A few weeks ago I mentioned some of the research I was doing with two groups of students this summer. The first group is working on tattoos and spirituality. The second group is working on emoticon usage.
Emoticons, I'm sure you know, are the ubiquitous little faces we add to electronic communication--emails, texts, Twitter, Facebook, blogs--to add emotional content to our message. The most common emoticon is the smiley face, which comes in two main varieties:
:-)I pefer the one with the nose. I have no idea why. Likely it's a Freudian thing having to do with my mother. Beyond the two main varieties there are some less common variations:
:0) Adding a big nose for a kind of clownish look.You can accentuate the smiling and even laugh by adding a capital D for the closed parentheses:
=) or =-) Using an "equals" sign rather than the colon for the eyes.
:-DAnd so on.
Beyond smiling the most common emotion is the wink, a way to take the edge off a playful or sarcastic electronic communication:
The wink:The creativity here is really remarkable.
And there is so much more. You can stick your tongue out:
Get angry or grim:
Beyond the emoticon we also see the use of initialisms to communicate emotional or physical reactions to electronic communication. The most common being:
lol, LOLAnd, finally, you can add emotion to electronic communication by using capital letters, because REALLY YOU NEED TO KNOW THIS STUFF. This along with a promiscuous use of punctuation. Like:
LOL!!!!!!!!!!!!!!!!!!!!!!!!Where's all this coming from? Well, humans evolved to communicate face to face. Consequently, most of our communication is nonverbal, with meaning judged by attending to tone, volume, eye contact, and body language. These aspects of language are called paralanguage, and they are critical in the communication process.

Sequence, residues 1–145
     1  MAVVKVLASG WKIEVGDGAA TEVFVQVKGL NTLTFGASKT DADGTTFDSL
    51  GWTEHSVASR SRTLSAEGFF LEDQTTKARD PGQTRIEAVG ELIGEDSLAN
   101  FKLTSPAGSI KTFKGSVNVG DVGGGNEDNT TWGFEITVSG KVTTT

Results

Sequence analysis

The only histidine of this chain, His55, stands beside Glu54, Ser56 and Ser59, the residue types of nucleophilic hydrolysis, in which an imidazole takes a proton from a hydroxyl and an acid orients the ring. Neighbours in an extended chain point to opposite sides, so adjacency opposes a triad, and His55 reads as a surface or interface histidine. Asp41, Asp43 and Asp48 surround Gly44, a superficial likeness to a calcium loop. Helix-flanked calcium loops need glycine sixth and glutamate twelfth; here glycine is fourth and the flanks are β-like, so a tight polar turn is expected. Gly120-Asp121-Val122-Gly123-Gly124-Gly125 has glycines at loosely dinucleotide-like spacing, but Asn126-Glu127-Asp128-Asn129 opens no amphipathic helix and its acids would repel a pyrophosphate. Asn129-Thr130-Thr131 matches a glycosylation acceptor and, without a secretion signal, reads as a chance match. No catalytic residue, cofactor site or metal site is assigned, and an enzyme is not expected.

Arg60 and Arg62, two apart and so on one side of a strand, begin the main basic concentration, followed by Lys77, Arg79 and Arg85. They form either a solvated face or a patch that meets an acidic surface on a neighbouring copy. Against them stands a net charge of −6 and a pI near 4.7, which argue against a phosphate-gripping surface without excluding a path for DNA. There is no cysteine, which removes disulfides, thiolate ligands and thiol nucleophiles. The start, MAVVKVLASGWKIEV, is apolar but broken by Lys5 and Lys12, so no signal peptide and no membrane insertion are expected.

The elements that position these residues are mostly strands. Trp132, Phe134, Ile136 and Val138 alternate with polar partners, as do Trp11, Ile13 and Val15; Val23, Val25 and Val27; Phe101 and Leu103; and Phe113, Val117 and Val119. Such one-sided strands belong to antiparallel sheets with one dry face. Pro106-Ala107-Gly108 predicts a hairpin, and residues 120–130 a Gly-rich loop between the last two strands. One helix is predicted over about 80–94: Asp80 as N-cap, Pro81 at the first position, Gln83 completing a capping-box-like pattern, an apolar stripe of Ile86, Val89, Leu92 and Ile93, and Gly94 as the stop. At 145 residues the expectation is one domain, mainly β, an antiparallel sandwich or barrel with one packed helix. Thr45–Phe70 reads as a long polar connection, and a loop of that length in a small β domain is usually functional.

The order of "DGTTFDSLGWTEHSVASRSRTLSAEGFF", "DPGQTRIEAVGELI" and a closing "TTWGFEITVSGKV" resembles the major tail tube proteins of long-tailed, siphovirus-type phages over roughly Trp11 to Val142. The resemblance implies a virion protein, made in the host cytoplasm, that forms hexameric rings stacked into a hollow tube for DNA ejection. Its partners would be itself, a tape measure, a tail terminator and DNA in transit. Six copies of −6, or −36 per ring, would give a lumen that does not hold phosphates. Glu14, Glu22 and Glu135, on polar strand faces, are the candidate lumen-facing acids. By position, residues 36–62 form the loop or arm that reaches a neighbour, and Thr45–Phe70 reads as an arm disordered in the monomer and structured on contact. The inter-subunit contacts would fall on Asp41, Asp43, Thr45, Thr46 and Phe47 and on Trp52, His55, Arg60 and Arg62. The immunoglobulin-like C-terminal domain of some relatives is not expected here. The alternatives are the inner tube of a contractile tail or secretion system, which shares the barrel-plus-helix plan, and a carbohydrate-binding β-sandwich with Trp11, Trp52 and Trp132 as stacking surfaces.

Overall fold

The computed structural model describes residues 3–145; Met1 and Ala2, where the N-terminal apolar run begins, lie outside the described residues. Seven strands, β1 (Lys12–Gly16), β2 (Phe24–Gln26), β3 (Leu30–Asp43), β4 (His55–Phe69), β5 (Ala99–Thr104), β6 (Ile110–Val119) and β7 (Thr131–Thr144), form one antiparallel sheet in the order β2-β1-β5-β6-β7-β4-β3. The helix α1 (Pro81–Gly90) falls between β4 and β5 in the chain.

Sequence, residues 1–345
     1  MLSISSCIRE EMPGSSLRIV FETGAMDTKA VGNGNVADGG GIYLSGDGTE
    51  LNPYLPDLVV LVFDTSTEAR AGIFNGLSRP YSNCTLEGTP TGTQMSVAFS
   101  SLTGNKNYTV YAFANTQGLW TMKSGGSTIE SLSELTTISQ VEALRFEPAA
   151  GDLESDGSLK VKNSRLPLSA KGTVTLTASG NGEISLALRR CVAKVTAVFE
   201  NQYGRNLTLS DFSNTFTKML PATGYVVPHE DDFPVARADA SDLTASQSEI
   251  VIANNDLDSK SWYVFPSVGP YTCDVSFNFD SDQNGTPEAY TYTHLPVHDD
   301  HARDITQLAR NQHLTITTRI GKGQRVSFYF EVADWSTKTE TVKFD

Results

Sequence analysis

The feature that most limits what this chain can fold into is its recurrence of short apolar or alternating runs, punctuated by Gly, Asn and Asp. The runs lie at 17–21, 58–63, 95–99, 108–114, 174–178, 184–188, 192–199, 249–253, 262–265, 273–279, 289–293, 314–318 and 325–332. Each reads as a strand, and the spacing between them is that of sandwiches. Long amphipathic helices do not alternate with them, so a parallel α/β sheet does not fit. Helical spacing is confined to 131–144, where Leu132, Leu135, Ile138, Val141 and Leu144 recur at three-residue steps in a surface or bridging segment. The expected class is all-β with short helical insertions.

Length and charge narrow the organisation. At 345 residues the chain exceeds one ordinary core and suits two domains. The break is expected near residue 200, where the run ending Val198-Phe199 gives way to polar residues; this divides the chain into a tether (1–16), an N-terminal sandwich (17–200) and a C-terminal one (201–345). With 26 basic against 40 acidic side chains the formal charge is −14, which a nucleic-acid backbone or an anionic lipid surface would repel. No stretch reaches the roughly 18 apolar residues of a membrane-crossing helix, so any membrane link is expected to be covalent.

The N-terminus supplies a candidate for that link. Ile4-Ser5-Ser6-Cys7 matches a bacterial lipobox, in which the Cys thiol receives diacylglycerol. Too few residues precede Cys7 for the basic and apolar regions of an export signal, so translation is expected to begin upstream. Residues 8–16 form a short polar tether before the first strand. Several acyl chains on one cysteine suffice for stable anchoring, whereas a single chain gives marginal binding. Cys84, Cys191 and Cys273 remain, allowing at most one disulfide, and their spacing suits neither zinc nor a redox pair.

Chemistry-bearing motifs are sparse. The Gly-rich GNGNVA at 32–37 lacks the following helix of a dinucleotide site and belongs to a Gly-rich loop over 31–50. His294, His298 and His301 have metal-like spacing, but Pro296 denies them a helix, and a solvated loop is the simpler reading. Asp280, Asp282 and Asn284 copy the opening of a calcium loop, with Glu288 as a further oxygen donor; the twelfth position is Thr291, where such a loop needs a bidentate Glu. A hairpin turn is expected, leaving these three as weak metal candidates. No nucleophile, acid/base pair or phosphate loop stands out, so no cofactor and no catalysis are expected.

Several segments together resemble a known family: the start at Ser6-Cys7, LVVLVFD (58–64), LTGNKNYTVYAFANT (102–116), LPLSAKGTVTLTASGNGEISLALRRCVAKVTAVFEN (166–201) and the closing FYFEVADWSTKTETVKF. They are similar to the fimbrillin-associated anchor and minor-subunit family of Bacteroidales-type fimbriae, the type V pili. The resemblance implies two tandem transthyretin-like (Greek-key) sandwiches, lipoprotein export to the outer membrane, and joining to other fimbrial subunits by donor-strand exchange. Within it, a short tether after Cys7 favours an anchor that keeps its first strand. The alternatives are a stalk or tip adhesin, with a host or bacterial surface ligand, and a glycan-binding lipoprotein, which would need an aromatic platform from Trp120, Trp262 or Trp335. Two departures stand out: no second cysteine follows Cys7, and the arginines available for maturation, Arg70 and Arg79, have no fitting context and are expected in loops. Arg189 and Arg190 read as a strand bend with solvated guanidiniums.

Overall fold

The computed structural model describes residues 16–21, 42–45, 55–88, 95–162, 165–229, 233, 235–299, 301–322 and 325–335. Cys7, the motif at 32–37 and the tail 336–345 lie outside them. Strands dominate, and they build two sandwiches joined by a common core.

Now ponder the dawn of electronic communication and the challenges it has placed upon human communication. Think of it from an evolutionary standpoint, how completely unequipped we are to communicate through this medium. Having stripped away the paralanguage electronic communication is very glitchy. Lacking tone and other nonverbal cues we often misinterpret electronic communication. This, combined with the anonymity, is the main reason blog conversations are so difficult and unproductive. We are trying to communicate about volatile material though a medium stripped of paralanguage, the aspect of language most critical to getting us productively through difficult conversations.
Given this situation, it's remarkable how a paralanguage has evolved for electronic communication. It's still glitchy, but it has helped. Consider the two sentences:
Joe, you're a jerk.Odds are, you interpret the second sentence as being a stab at humor. Or, at the very least, good natured ribbing between friends.
Joe, you're a jerk. :-)
And this is one of the interesting things that the students and I discovered in getting into the emoticon literature. The power of paralanguage is that it can override the literal meaning of our words. When I use sarcasm--deploying that paralinguistic tone we all know and love--I mean the exact opposite of what I'm saying. Interestingly, the same goes for emoticon use. Having evolved to clarify electronic communication emoticons can now be used to create ambiguity in meaning which can then be exploited to say hurtful things.
For example, imagine this sentence:
Joe, you're a jerk. ;-)What's that wink about? Do I mean what I'm saying? Or not? Likely I mean it, but if I add the wink I can say what I want ("Joe, you are a jerk.") while hiding behind the emoticon (wink, wink). It's the Internet equivalent of saying something harsh and sarcastic and then appending "I'm only joking." Because, really, you're not joking. The "I'm joking" is just a way to insert enough paralinguistic ambiguity into the conversation so that you can hide if you need to.
The point of all this is that, as silly as it sounds, there is an ethical issue involved in emoticon use. Emoticons can be, albeit small, forms of violence. Tiny daggers that can add a bit of sting to our electronic communication or, more properly, allow us to sting others while granting us plausible deniability. Come out and shoot and then run for cover behind the ;-).
Have great day on email, texts, and the Internet! Be kind out there.
(That's a kiss.)
(And if I add a halo it's, what, a holy kiss?)